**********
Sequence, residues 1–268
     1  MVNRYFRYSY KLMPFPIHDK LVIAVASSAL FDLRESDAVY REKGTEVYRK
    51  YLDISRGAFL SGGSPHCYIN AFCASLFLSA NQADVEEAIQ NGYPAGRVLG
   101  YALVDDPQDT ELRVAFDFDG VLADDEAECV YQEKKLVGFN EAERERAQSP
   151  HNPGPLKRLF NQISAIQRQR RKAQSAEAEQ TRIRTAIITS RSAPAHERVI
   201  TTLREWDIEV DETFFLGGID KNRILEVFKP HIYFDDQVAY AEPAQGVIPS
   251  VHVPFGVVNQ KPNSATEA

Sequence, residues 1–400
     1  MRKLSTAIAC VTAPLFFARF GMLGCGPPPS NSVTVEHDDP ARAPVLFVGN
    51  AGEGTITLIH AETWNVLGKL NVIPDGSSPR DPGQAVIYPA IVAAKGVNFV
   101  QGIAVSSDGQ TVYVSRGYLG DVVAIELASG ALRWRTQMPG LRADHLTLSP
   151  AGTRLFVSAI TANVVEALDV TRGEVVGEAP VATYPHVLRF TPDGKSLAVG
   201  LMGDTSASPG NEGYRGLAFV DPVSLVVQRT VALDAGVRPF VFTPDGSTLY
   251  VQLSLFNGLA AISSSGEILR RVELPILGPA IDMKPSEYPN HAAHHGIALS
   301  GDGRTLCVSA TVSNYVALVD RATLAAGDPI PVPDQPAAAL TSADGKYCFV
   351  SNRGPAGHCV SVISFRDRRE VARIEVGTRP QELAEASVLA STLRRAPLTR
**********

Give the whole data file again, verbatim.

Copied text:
Sequence, residues 1–268
     1  MVNRYFRYSY KLMPFPIHDK LVIAVASSAL FDLRESDAVY REKGTEVYRK
    51  YLDISRGAFL SGGSPHCYIN AFCASLFLSA NQADVEEAIQ NGYPAGRVLG
   101  YALVDDPQDT ELRVAFDFDG VLADDEAECV YQEKKLVGFN EAERERAQSP
   151  HNPGPLKRLF NQISAIQRQR RKAQSAEAEQ TRIRTAIITS RSAPAHERVI
   201  TTLREWDIEV DETFFLGGID KNRILEVFKP HIYFDDQVAY AEPAQGVIPS
   251  VHVPFGVVNQ KPNSATEA

Sequence, residues 1–400
     1  MRKLSTAIAC VTAPLFFARF GMLGCGPPPS NSVTVEHDDP ARAPVLFVGN
    51  AGEGTITLIH AETWNVLGKL NVIPDGSSPR DPGQAVIYPA IVAAKGVNFV
   101  QGIAVSSDGQ TVYVSRGYLG DVVAIELASG ALRWRTQMPG LRADHLTLSP
   151  AGTRLFVSAI TANVVEALDV TRGEVVGEAP VATYPHVLRF TPDGKSLAVG
   201  LMGDTSASPG NEGYRGLAFV DPVSLVVQRT VALDAGVRPF VFTPDGSTLY
   251  VQLSLFNGLA AISSSGEILR RVELPILGPA IDMKPSEYPN HAAHHGIALS
   301  GDGRTLCVSA TVSNYVALVD RATLAAGDPI PVPDQPAAAL TSADGKYCFV
   351  SNRGPAGHCV SVISFRDRRE VARIEVGTRP QELAEASVLA STLRRAPLTR